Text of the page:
Is it possible to make your own solar panels?greenspun.com : LUSENET : TimeBomb 2000 (Y2000) : One Thread
Is it possible to construct your own solar panels? I found a web site which gave directions for a homemade solar generator, which is very helpful. However, it required you to purchase a solar panel. High quality panels can be very expensive. Is it possible to make one, or are the materials not commercially available? Anyone have any thoughts or info?
-- Lona Ann White (firstname.lastname@example.org), June 09, 1998
I read on the Candace List that solar panels made by us don't last as long, which is true b/c we are not professionals...
I suppose you could get used stuff. We prepare for this thing based on what we think the outcome might be... if your view requires a SP, then get one, right?
-- Ken (email@example.com), June 10, 1998.
If you mean solar electricity panels, I don't think home manufacture is feasible.
However, I once saw an article (have forgotten where) on DIY solar heating panels. The basic idea was a box double- (triple- ...?) glazed with a special sort of glass that has a coating that traps heat, and otherwise well insulated. A small pump circulated water through it. The water heats up and transfers heat into a water tank, just as your heating boiler does.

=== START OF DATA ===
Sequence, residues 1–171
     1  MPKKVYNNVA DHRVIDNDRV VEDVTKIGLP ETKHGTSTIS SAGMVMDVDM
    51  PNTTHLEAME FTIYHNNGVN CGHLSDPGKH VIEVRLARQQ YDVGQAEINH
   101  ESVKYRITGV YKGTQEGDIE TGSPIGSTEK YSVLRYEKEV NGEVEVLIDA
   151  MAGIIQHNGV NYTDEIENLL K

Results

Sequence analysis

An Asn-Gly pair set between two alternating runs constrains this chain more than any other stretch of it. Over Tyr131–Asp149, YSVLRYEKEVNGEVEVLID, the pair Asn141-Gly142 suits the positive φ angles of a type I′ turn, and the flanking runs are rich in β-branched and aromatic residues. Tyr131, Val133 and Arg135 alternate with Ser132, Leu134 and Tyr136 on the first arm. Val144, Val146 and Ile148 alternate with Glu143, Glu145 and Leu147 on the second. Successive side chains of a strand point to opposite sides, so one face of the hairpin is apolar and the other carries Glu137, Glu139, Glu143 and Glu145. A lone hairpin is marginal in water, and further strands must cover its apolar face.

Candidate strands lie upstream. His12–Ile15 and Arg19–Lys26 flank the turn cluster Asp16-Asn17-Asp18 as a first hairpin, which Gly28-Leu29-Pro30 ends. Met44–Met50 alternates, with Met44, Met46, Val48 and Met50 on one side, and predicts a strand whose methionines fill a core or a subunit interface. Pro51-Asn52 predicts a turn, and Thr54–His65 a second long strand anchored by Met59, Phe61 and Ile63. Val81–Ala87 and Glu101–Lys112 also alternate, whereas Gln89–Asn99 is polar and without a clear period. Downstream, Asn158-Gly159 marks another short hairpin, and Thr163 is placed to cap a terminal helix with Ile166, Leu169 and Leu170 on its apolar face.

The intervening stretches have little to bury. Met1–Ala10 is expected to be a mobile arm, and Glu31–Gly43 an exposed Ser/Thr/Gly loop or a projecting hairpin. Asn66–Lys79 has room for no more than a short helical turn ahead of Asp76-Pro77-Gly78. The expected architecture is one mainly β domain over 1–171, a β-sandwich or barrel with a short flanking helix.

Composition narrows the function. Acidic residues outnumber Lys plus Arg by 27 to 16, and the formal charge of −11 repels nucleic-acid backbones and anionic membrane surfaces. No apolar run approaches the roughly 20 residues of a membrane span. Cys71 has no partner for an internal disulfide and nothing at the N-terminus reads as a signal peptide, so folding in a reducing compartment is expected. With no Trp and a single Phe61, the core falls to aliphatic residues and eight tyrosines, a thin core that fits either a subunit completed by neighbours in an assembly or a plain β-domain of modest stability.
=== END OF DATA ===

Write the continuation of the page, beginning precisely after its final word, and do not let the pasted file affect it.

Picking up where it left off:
This might be a useful idea to persue for those of you who live in a part of the world where bright sunlight is common during winter; a commercial solar panel would be needed to get electricity for the pump, and then you'd have the luxury of hot water and a warmer household.
-- Nigel Arnot (firstname.lastname@example.org), June 10, 1998.
Yes, you can make your own solar panels, but not the kind that generate electric power. Nigel is absolutely correct: you can make solar hot water heaters (which isn't a bad idea). At one time there was a booming industry supplying bits and pieces, as well as complete solar hot water heating panels. The idea was that the hot water could be used to heat the home. The industry got a good start right after the first oil shock of the 1970's, and then died out due to lack of government support in the form of tax breaks for people who dared to think about getting away from dependence on suppliers of energy.
Without the tax break the systems became too expensive......not that they're really expensive, but we've gotten into a mentality where 5 years in a house is the maximum we'll tolerate on our climb up the ladder of financial success. Since the payback period for a solar hot water system is about 10 to 12 years, most people weren't interested, and the suppliers went out of business.
Panels consist of a serpentine run of water pipe (can be soft copper tubing) brazed or otherwise fastened to a black painted aluminum back plate. The entire plate system is placed inside a box, glazed to keep cold out (double glazed is good, triple glazed doesn't buy much). Often plexiglass is used for the glazing. The box is highly insulated, and is south facing, usually at an angle of about 40 degrees from horizontal. Cold water is pumped in one end, hot water comes out the other (if the sun is shining).